How will the House of Saud do, if no one buys their oil? Anyone?

In reply to by east of eden

Greed is King Jan 8, 2018 6:42 AM Permalink

Prod and poke Russia constantly, impose sanctions on Russia, the only purpose of which are to starve the Russian people into revolution and civil war, hold military exercises on Russian borders, try to create insurgencies and civil war in Russia`s M.Eastern allies in order to obtain an excuse to invade and occupy; and Russia is expected to keep taking the punches without retaliation.

The Western bully has more than one screw loose if he thinks he can treat Russia like that. Time to make friends and partnerships, not enemies and war.

Islamaphobe Jan 8, 2018 6:30 AM Permalink

It looks like the German industrialists are going to ignore the EU's attempts to limit Russian oil and gas supplies and will go ahead - against Brussel's "advice" - with Nord Stream II. No way are they going to pay twice the price for LNG from the US. Even the US' most obedient poodles will only go so far to promote US hegemony.   

zeroboris Jan 8, 2018 6:06 AM Permalink

Europe Becomes Victim Of Russia's Newest Oil Strategy

Russia just doesn't want to be blackmailed by European political prostitutes, so nothing personal.

AgLand Jan 8, 2018 6:03 AM Permalink

The enemy is not Russia, it’s China.  Instead of ‘friending’ the white boys with the nukes on the Chinese border we’ve created a shotgun marriage between the two that impacts the whole global petro neighborhood, including the future of the petrodollar.

this new and latest “Red Scare” is going to pay us back in spades one day.


all those who believe renewables will be powering the planet before the ‘shale revolution’ is done have their heads up their asses.  In 20 years that will mostly have all played out.

beijing expat Jan 8, 2018 5:25 AM Permalink

Europe are the authors of their own misfortunes. If they had called Obama out on his Ukrainian coup they wouldn't be seeing Russia in bed with China instead of them. 

Davidduke2000 Jan 8, 2018 5:23 AM Permalink

It is russia's oil and it can sell it to the highest bidder, the EU  put so many roadblocks in the construction of Russian pipelines going through some European countries and will pay the price for it. Obama had promised the EU oil and natural  gas & propane shipments that never materialized because the us has none, it was only an illusion.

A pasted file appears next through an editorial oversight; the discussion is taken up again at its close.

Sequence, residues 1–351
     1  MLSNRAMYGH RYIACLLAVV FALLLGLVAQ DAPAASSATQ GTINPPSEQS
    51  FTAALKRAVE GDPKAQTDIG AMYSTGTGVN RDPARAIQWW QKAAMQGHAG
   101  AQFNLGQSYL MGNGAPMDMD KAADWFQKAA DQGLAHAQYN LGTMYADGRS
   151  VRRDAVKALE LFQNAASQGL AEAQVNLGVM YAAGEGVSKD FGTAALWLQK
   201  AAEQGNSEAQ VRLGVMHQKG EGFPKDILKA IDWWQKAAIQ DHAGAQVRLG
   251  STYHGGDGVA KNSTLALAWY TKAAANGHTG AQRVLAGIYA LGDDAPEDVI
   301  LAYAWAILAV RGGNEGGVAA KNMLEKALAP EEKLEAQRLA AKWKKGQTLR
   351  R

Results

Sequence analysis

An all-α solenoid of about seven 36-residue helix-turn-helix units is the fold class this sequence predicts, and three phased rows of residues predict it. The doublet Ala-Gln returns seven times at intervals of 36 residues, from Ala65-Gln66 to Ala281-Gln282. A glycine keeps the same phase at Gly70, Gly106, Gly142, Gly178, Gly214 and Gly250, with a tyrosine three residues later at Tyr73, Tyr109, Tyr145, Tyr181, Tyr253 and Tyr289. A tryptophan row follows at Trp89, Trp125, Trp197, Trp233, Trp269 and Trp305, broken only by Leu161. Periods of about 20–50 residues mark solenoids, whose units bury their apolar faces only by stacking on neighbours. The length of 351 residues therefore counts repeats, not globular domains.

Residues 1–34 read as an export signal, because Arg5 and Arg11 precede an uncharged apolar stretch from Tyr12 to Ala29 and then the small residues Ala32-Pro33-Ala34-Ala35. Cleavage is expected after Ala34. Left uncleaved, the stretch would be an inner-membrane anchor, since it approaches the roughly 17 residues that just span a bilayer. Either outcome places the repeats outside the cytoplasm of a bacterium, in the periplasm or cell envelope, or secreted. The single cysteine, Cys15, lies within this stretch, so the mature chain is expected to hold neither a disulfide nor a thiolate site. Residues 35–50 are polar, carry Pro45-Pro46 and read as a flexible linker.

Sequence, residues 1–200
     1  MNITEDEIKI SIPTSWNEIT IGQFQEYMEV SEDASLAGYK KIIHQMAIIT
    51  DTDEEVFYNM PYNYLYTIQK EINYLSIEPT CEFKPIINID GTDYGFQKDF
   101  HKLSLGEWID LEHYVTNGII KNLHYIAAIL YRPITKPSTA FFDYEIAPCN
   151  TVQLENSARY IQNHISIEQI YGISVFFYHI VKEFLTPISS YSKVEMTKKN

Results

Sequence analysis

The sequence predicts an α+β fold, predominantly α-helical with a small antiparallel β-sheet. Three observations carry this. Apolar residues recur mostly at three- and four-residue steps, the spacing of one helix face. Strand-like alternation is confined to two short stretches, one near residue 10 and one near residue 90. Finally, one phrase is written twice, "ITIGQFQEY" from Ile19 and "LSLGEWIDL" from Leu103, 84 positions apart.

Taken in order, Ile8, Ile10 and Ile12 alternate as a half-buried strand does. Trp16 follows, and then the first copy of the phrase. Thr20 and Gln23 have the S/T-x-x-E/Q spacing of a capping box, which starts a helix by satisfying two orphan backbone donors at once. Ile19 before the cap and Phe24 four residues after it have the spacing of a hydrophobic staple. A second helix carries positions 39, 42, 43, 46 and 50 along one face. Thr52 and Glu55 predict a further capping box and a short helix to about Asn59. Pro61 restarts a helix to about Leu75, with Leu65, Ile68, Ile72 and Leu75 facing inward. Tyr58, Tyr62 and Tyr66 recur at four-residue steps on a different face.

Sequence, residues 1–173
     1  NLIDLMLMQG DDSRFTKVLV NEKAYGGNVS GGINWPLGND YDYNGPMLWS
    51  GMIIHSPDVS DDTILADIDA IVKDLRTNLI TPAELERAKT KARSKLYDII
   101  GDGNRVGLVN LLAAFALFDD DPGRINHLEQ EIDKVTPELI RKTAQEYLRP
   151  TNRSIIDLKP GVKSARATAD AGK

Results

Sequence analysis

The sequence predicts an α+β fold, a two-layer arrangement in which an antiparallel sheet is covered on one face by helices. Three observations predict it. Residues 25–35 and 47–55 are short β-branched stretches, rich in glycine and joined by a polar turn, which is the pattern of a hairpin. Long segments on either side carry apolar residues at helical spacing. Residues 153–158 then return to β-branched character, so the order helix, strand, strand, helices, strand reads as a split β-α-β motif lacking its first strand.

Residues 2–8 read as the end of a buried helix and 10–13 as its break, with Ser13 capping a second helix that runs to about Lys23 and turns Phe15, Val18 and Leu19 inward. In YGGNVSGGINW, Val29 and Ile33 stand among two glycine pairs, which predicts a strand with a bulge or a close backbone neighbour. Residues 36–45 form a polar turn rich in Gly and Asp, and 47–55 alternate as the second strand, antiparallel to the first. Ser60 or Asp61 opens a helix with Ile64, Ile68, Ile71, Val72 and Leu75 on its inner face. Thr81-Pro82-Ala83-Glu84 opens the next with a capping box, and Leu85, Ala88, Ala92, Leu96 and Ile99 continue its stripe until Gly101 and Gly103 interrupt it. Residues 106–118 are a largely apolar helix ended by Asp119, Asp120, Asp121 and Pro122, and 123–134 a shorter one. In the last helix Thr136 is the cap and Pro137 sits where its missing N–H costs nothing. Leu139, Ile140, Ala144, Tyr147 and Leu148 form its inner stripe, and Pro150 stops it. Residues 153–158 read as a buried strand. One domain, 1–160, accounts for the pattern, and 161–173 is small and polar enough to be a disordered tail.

Now they would have to buy through Turkey.

Maybe this time they won't delay new pipelines because Putin is selling his oil and gas elsewhere and running pipelines including through NK.

squid Jan 8, 2018 4:48 AM Permalink

"And again, the paste function is not working Tyler. Any estimate on when the current Web site downgrade will be complete?"



OverTheHedge squid Jan 8, 2018 7:13 AM Permalink

Click on the little button on the right of the comments header, labelled "Source". Then paste to your heart's content, and when you are done, click on "Source" again.

I think it is more of a "workaround" than a design feature, but Tyler is probably working on it.

Well, Paramjeet is working on it - Tyler is just paying the bill. If Tyler actually IS working on it, perhaps we need to send him a Paramjeet?

In reply to by squid

Joe A Jan 8, 2018 4:16 AM Permalink

Even during the hardest times of the Cold War, Russia supplied Europe with gas. But Europe falls victim of it own energy insecurity and of it dependence of the US for its protection. It is time for Europe to deal with both issues.

Lore Jan 8, 2018 4:10 AM Permalink

European nations really ought to re-think participation in those sanctions. They hurt their own people and undermine their own sovereignty.

css1971 Jan 8, 2018 4:06 AM Permalink

European sanctions against Russia....... Oops...

I swear to god that we have the dumbest representatives on the planet.

Europe has turned into Moron Central.

Fireman Jan 8, 2018 4:00 AM Permalink

So Brussels Natostan's Pedophile Politburo is content being USSA's bitch...then Russia has other options. The EUSSR will go down the toilet with the Saudi Mercan IOU petrodollah and the sooner the better for the once sovereign nations of Urupp.